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rakowozz

BIS Function That Returns Each Element in Array?

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I forgot the name... looked everywhere, functions viewer included, of course, and couldn't manage to find it!

What's the name of the function that says in its description it's "similar to count", but returns each element, instead of just the amount of elements?

Thanks in advance!

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Haha no, it's BIS_fnc_something...

foreach wouldn't help me at the moment.

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Found it! Now, reading my original post again, I realize I wasn't clear at all. Forgot to mention I wanted all elements in the array fitting a certain condition.

I was looking for BIS_fnc_conditionalSelect. Can't believe it took me this long to find it haha. Here's what it does:

/************************************************************
Conditional Select
By Andrew Barron

Parameters: [array, {condition}]

This returns a sub-array of elements that satisfy a specific condition.
The originally passed array is NOT modified!

The function takes, in order, every element of the passed array,
evaluates it in the condition, and, if the condition is true, adds
it to the return array.

In the condition, the currently tested element is assigned to
the variable "_x".

Care must be taken that the condition won't cause errors. For
example, if your condition assumes all elements are numbers,
errors will occur if your array includes strings.

This function is similar to the "count" command, only it returns
the elements of the array that satisfy the condition, rather
than simply returning the count.

Example: [[10,0,8,2,6,4], {_x > 5}] call BIS_fnc_conditionalSelect
Returns: [10,8,6]

Example: [[10,true,8,player], {typename _x == "STRING"}] call BIS_fnc_conditionalSelect
Returns: []

************************************************************/

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am I missing something or is this

[[10,0,8,2,6,4], {_x > 5}] call BIS_fnc_conditionalSelect

exactly the same as this?

_array1 = [10,0,8,2,6,4];
_array2 = [];
{
if (_x > 5) then {_array2 set [count _array2,_x]}
} foreach _array1;

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@Grumpy Old Man:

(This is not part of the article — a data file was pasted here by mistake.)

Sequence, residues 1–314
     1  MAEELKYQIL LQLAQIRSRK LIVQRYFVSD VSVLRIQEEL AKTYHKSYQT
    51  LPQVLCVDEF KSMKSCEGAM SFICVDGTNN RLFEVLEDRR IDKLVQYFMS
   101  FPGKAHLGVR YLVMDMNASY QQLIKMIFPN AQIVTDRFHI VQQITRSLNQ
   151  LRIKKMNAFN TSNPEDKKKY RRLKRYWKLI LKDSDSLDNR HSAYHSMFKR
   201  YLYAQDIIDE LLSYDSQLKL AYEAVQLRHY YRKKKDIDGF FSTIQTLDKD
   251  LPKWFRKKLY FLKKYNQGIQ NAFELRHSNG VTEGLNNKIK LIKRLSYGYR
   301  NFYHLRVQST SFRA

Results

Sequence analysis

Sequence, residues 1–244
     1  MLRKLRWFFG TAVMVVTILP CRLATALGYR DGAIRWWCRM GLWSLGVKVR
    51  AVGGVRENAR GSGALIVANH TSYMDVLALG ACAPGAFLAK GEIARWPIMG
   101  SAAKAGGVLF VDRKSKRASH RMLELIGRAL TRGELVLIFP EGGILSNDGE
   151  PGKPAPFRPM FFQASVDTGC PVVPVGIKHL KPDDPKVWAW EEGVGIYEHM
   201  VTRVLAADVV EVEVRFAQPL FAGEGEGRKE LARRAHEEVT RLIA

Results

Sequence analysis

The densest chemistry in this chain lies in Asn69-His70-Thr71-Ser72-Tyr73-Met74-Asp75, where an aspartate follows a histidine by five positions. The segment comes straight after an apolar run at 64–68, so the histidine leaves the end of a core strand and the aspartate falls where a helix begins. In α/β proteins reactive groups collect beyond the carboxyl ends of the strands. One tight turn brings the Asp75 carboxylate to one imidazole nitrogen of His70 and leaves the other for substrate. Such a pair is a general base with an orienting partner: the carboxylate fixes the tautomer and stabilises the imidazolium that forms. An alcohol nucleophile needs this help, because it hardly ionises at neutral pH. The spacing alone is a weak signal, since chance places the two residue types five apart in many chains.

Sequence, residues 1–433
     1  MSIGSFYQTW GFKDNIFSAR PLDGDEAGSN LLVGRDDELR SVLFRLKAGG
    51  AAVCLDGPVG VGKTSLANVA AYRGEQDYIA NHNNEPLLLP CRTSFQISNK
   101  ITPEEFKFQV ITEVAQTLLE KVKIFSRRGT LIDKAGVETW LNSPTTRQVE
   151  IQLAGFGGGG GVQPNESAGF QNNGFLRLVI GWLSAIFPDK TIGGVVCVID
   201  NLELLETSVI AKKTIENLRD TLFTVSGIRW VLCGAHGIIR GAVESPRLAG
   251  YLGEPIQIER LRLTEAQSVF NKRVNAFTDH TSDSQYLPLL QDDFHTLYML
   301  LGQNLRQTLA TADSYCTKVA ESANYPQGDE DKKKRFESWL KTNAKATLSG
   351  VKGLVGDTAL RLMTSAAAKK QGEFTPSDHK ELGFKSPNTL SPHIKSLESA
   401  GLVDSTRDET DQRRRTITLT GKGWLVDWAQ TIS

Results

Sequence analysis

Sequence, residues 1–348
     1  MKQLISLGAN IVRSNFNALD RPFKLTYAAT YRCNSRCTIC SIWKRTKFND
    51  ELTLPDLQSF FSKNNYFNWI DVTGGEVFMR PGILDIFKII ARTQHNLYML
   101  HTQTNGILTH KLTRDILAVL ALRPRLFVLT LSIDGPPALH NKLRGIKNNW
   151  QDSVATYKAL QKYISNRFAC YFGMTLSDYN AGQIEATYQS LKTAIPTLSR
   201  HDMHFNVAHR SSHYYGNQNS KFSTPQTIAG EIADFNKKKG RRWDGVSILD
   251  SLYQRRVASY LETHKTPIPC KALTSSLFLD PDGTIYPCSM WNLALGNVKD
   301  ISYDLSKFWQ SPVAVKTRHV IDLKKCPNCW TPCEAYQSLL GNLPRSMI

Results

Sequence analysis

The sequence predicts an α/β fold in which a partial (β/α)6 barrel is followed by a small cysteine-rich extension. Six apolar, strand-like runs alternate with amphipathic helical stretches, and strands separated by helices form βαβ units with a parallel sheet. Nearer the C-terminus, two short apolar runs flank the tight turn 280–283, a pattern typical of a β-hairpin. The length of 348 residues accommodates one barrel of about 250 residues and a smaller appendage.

Yep! As a matter of fact, it is almost exactly that (Below is the code for BIS_fnc_conditionalSelect):

/*
...Same header rakowozz posted, but I excluded it...
*/
private ["_cond","_ret","_x"];

_cond = _this select 1;
_ret = []; //to be filled with return array

{
//just call the condition directly
//note the current element is already assigned to _x, and will be accessible in the condition
if(call _cond) then {[_ret, _x] call BIS_fnc_arrayPush};
} foreach (_this select 0);

_ret

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am I missing something or is this

[[10,0,8,2,6,4], {_x > 5}] call BIS_fnc_conditionalSelect

exactly the same as this?

_array1 = [10,0,8,2,6,4];
_array2 = [];
{
if (_x > 5) then {_array2 set [count _array2,_x]}
} foreach _array1;

yes except the bis function is already in you game and don't need more memory for the server.

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Would both functions be as CPU intensive ?

Suspected the BIS function would use more cycles as they tend to, and....

http://i.imgur.com/df2jJps.png (138 kB)

Same thing with fnc_selectRandom.

Much, much better to just use

_array select (floor(random(count _array )))

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Yeah, from what I gather the standard fnc's just chew up performance.

I was surprised myself in the beginning, but for the few functions I've tested the BIS ones always seem to perform much worse than their equivalents.

Wouldn't think anything of it if their fnc's were slightly worse, but there are massive (over 4X) improvements from using basic substitutions.

Unless there is some sort of inherent benefit of using BIS_Fnc's that I'm missing?

Someone more knowledgeable than me might know better, but it seems like inbuilt fnc's should be avoided when possible.

http://i.imgur.com/WfMVAFF.png (107 kB)

Edited by Rocksteady

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Sounds like it's related to the ms it takes to do a lookup.

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Sounds like it's related to the ms it takes to do a lookup.

Agreed. Perhaps the functions are not precompiled on load up like user created functions, thus requiring a search through configs?

At any rate, if we are talking fractions of a millisecond, I think we will all be OK.

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so it's better to set up your own function instead of using the BIS function already implemented in the game?

interesting

No.

Seriously, don't start optimizing by inlining few function calls, especially if you don't have a performance problem in the first place.

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;2631045']Agreed. Perhaps the functions are not precompiled on load up like user created functions' date=' thus requiring a search through configs?

At any rate, if we are talking fractions of a millisecond, I think we will all be OK.[/quote']

They probably are, but (guessing) when you use call or spawn the SQF engine has to go out from the local function scope to the global scope and find the variable holding the function.

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What are the numbers if you define a (local) function in a script and then call this function? Is it the function itself or is it the call command which makes a function slower (which should be faster according to Code Optimisation Hints on the biki)

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